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The Unknown Soldier:
Geoffrey Bache Smith, Tolkien’s Inspiration

Geoffrey Bache Smith

1,432 words

Dark is the world our fathers left us,
Wearily, greyly the long years flow,
Almost the gloom has hope bereft us,
Far is the high gods’ song and low:

Sombre the crests of mountains lonely,
Leafless, wind-ridden, moan the trees;
Down in the valleys is twilight only.
Twilight over the mourning sea;

Time was when earth was always golden,
Time was when skies were always clear;
Spirits and souls of the heroes olden,
Faint are cries from the darkness, hear!

Tear ye the veil of time asunder
Tear the veil, ‘tis the gods’ command,
Hear we the sun-stricken breakers thunder
Over the shore where the heroes stand.

— “Dark is the World Our Fathers Left Us”

With the release of Dome Karukoski’s Tolkien biopic in 2019, the name of Geoffrey Bache Smith, along with Rob Gilson and Christopher Wiseman, has emerged from under the long shadow cast by the author of The Lord of the Rings. Smith was a full and equal member of the Tea Club and Barrovian Society (TCBS), a group of idealistic young men surrounding Tolkien who first met at King Edward’s School in Birmingham, and whose fellowship continued when they went up to Oxbridge and eventually volunteered to fight in the First World War. Indeed, it was Smith who inspired Tolkien to write poetry. The camaraderie and ethos of the TCBS, so gratingly presented in the biopic in spite of Boyle’s best efforts in the role of the aspiring young poet, was perfectly encapsulated in Smith’s real-life communication on hearing of Gilson’s death in the “orgy of death and cruelty” on July 15, 1916 in the trenches of France:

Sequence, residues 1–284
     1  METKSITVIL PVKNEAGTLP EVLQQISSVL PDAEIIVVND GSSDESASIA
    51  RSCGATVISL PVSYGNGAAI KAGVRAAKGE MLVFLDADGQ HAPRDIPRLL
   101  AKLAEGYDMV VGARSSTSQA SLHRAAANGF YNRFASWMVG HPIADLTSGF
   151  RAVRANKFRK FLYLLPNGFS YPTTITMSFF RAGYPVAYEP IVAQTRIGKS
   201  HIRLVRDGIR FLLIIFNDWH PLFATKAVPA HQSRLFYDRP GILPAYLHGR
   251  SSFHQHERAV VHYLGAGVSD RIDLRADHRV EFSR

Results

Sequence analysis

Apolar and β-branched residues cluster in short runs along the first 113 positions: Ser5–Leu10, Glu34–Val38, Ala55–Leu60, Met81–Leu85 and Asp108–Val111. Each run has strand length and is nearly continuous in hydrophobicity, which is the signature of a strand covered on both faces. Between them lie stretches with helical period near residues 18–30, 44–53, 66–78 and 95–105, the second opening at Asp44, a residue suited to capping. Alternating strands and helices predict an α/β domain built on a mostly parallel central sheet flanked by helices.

My Dear John Ronald, I saw in the paper this morning that Rob has been killed. I am safe but what does that matter? Do please stick to me, you and Christopher. I am very tired and most frightfully depressed at this worst news. Now one realises in despair what the T. C. B. S. really was. O my dear John Ronald whatever are we going to do?

Yours ever.

G. B. S.

These sentiments become even more poignant by a prescient last letter he sent to Tolkien just before the recently-promoted 22-year-old acting adjutant of the Lancashire Fusiliers led his men out one cold, December night on a hazardous night patrol at Warlencourt, and was hit by shrapnel:

My chief consolation is that if I am scuppered tonight there will still be left a member of our school group to voice what I dreamed and what we all agreed upon. For the death of one of its members cannot, I am determined, dissolve the group. Death can make us loathsome and helpless as individuals, but it cannot put an end to the immortal four! May God bless you my dear John Ronald and may you say things I have tried to say long after I am not there to say them if such be my lot.